Smith has written other science-fiction stories, also. And pre-eminent among them is "The Letter from Mohaun-Los", an odyssey of time and space which takes its modern voyager from the planet Earth to far-off Mohoun-Los, where he dwells as a god among its machine-worshipping inhabitants. But "The Plutonian Drug" must surely stand as this author's masterpiece, and, more than any other story, it shall do more to secure his place upon the topmost run of this comparatively new literature.

But fine though his work in science-fiction may be, it is in his tales of other-worldly fantasy and horror that Smith truly comes into his own. Here, with a background of what H. P. Lovecraft has called "a universe of remote and paralyzing fright", he has created a group of short stories which must stand as classics of their type so long as this literature endures.

Many are the worlds of his creation; and their names alone must inspire wonder from even the dullest and most unimaginative amongst us. Hyperborea, Atlantis, Zothique, Lophai, that strange unnamed world which lies upon the borderland of our own in "The Light from Beyond", Phandiom, and countless others, each with their own strange and exotic features. One shall always remember the world of Lophai, where flowers rule under the direction of Voorqual, the flower god, and where the human inhabitants serve them. Nor would one forget the gazolba bird or the many adventures with the unknown that King Euvoran courted in his "The Voyage of King Euvoran"; or the planet Xiccarph, where Maal Dweb rules, omnipotent, in his impenetrable palace surrounded by "a bottomless swamp wherein no reptile dwelt and where no dragon descended; but where the pitch-black ooze was alive with incessant heavings."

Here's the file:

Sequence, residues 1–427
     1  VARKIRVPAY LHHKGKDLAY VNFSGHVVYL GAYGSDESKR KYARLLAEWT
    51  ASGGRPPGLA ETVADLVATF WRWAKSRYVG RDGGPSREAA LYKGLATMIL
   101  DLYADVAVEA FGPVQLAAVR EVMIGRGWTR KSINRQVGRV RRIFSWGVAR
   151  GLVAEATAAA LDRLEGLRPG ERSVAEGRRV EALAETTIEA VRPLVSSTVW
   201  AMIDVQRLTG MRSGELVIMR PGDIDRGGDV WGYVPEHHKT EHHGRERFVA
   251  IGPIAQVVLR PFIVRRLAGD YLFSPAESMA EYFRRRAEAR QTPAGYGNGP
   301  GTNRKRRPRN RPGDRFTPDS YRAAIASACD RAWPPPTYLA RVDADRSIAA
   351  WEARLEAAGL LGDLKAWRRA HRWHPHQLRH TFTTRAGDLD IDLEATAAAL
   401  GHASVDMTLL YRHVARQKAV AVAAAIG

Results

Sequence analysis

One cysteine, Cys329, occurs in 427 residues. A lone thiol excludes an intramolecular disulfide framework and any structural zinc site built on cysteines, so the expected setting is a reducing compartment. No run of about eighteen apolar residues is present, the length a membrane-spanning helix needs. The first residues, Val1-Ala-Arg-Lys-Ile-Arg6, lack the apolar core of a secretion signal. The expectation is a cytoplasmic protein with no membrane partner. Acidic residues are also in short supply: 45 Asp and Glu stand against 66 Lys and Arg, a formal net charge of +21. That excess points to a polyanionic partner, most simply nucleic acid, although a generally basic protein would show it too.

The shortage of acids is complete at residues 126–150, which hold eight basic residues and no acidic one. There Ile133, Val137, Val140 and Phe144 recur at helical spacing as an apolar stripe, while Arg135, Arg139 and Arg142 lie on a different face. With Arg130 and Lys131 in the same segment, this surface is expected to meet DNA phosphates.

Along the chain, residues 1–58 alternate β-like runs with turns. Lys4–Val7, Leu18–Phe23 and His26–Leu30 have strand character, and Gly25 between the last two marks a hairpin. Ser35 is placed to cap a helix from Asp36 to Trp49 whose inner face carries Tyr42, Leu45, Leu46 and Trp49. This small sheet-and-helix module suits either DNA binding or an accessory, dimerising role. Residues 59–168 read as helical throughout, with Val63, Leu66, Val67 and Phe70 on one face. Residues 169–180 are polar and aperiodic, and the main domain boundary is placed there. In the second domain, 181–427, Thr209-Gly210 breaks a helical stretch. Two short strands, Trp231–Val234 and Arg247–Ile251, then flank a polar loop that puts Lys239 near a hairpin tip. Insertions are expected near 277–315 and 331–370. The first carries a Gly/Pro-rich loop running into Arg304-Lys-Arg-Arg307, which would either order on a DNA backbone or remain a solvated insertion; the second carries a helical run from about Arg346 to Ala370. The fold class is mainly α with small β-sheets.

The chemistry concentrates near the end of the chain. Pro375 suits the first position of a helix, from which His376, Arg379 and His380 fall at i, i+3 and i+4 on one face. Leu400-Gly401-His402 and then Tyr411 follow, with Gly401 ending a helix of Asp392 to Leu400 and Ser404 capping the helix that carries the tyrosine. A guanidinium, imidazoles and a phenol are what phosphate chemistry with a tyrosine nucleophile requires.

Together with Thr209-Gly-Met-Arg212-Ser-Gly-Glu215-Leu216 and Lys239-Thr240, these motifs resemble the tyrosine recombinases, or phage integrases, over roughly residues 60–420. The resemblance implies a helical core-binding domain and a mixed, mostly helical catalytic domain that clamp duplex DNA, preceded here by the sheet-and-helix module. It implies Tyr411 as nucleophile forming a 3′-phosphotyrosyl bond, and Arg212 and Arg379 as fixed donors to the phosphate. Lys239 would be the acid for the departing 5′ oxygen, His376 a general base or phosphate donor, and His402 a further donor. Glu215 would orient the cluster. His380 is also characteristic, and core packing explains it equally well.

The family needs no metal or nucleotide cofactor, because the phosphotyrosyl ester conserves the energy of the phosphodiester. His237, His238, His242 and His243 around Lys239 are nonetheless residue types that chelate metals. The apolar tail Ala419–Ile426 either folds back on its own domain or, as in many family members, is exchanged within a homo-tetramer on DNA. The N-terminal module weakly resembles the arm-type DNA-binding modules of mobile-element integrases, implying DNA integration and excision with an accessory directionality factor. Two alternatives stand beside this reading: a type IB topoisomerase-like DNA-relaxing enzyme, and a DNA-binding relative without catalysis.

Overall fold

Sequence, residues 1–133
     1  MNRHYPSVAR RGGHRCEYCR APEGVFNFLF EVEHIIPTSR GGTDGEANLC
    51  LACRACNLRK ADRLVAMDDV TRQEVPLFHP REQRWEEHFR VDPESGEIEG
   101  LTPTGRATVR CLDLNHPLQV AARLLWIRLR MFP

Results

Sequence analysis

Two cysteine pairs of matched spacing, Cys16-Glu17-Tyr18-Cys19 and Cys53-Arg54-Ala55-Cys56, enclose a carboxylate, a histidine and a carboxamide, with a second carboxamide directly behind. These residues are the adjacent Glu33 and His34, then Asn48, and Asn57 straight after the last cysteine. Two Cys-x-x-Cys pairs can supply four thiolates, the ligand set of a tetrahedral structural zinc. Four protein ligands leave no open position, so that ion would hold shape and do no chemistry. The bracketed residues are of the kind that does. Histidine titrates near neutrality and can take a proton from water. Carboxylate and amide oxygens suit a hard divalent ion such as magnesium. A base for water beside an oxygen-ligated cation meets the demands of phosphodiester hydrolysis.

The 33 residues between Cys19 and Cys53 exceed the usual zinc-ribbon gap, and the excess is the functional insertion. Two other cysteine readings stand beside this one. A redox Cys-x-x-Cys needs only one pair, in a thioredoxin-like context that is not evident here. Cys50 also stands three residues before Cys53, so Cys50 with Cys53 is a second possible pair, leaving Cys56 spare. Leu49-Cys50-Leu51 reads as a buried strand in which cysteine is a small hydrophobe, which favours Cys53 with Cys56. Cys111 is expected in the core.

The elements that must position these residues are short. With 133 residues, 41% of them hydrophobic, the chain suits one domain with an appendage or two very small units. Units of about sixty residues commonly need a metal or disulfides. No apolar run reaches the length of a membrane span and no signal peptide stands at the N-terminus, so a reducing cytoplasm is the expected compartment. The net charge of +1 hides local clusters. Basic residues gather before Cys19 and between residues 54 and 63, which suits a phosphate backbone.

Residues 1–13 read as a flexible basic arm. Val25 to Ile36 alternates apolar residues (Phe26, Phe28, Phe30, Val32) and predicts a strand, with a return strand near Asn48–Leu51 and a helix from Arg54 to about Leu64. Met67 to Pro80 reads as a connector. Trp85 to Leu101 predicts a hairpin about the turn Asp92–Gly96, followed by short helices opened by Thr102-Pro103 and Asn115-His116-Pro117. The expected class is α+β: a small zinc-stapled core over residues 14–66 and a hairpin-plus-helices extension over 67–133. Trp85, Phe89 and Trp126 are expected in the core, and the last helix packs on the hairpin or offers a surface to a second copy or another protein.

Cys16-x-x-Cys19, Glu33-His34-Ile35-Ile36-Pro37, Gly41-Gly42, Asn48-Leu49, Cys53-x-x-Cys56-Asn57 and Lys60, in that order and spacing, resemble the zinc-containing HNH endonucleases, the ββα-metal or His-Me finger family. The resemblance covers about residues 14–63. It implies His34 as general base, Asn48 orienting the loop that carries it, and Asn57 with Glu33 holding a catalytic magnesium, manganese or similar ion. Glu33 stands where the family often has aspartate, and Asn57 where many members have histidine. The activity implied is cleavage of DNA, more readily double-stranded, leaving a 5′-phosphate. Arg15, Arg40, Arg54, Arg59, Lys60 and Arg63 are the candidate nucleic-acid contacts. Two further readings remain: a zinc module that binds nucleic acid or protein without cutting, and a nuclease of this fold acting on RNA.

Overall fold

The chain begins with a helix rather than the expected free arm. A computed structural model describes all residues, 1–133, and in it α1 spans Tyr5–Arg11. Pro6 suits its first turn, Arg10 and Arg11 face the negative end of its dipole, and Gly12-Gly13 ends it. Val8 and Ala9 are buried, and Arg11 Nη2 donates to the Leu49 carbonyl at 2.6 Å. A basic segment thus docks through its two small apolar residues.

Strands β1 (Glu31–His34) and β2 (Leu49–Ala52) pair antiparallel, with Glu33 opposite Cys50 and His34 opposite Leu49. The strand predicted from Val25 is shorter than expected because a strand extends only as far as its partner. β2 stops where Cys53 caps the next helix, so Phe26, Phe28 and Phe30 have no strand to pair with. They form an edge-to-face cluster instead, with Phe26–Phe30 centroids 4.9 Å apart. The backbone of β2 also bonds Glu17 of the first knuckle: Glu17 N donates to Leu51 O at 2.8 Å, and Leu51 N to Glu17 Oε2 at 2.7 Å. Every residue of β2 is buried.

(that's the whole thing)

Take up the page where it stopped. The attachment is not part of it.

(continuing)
Atlantis, a world of past ages, about which many authors—great and small—have written many [...] Clark [...]. Here, Malygris, the magician, is all-powerful. Here, in "The Last Incantation", one of Smith's finest short stories, he dreams of his youthful love; and here too he slays his greatest enemies, though he, himself, has lain dead for an entire year, untouched by the worm. And it is from here that the two scientists, Hotar and Evidon, make their voyage to the planet Saturn, only to die there. It is in Atlantis, also, that the most terrible demon from out of space's furthermost reaches, the Double Shadow, overtakes and slays Avyctes and his pupil in their wizard's tower.